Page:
As hundreds protested outside court house, eleven organizers of a December Black Lives Matter protest at the Mall of America appeared in court Tuesday on various charges that could send them to jail for up to two years. They all pleaded not guilty. The next court date has been set for May 1.
More than 3,000 people participated in the protest about recent murders of unarmed Black people who are killed at a disproportionately higher rate by police across the country.
At a press conference following Tuesday’s court appearance, organizers announced a boycott of the Mall of America saying Black Lives Matter supporters voted 653-36 in a text poll to call for a nationwide boycott.
“We’re wearing black because we are mourning the death of our American moral compass,” Mica Grimm said.
One of the defendants, Michael McDowell said his treatment by the police unfortunately is nothing new to him. “This is a clear attempt to silence our voices and the voices of many others in this movement demanding that Black people be treated like human beings. My first time in the back of a police car was when I was twelve; not because I was breaking the law or doing something wrong, but because I was being racially profiled. This system is set up to target and profile Black people.”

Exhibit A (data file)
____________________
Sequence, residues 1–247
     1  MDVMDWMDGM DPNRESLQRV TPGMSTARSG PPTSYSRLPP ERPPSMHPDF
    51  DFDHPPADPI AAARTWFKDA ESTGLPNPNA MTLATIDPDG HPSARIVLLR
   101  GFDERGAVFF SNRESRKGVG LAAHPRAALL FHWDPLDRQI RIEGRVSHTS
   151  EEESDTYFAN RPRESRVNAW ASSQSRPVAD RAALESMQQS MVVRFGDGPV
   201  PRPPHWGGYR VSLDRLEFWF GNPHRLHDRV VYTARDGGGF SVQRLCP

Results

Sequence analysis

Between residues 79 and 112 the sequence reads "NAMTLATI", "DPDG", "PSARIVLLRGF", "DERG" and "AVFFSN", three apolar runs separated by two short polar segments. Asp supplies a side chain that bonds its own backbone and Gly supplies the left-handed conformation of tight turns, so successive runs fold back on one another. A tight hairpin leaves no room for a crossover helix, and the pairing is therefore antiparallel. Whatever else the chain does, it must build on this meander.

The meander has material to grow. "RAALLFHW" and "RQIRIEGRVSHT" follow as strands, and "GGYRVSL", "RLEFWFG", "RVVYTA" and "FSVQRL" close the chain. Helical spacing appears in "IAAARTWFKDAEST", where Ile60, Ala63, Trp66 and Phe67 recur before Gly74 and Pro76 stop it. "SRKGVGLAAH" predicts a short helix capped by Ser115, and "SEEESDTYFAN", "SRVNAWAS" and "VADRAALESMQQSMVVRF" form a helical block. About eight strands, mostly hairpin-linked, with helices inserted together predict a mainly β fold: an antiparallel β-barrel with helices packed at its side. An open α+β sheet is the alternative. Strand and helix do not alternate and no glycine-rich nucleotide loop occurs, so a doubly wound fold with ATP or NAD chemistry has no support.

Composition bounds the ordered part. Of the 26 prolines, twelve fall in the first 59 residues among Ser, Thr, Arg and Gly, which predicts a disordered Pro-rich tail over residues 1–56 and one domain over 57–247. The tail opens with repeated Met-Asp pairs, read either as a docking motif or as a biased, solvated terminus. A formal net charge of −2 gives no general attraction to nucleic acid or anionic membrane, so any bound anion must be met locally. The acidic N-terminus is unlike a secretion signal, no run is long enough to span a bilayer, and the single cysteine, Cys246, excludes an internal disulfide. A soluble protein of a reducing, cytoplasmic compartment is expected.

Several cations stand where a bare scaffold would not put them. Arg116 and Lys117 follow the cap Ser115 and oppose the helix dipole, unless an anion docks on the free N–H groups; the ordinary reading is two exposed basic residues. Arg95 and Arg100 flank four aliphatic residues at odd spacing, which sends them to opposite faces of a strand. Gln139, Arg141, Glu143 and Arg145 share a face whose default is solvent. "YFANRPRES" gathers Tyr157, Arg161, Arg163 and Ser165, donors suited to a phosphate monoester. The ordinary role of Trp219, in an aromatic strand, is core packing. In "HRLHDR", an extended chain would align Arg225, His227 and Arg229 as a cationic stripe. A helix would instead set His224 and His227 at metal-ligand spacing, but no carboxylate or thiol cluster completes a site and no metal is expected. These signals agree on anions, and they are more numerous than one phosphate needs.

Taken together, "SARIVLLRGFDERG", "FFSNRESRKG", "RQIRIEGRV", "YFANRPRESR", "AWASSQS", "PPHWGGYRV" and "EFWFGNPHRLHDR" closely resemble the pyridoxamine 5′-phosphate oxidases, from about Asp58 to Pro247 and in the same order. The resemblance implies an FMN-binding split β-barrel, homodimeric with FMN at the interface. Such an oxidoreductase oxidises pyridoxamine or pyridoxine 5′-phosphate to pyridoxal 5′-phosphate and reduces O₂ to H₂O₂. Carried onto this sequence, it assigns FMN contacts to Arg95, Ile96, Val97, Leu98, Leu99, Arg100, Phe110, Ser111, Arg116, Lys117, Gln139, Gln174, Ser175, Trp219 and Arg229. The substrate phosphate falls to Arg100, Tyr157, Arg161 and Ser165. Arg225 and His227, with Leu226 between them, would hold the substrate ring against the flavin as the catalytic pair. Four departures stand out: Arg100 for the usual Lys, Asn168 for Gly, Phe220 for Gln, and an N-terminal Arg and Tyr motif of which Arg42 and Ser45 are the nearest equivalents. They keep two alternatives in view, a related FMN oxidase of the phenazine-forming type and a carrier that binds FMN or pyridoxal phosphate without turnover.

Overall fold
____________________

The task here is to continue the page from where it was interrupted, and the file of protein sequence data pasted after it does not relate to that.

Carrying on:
Raw video of court protest and email controversy
The arrests and charges have drawn sharp criticism from a broad rang of citizenry, specifically the clergy. Rev Grant Stevenson, Pastor, St. Paul-Reformation Lutheran Church, Saint Paul, Minnesota, said, “50 years on, to the week, from the march on Selma, we are still prosecuting the people who are standing up for a better world. It is bizarre.” Clerical collars were sprinkled throughout the crowd.
Bloomington City Attorney Sandra Johnson has drawn sharp criticism for her use of city resources to prosecute these charges. On Monday, Black Lives Matter released emails that the group contends reveal “disturbing levels of coordination” between the mall and city of Bloomington attorneys in legal decisions arising from the Dec. 20 protest.
Clergy and university professors have signed open letters asking Johnson to drop the charges. Johnson says the “the criminal justice system must look at the conduct not the content of the messages behind the illegal conduct.”
Video at top: highlights of protest
Video below: raw video of protest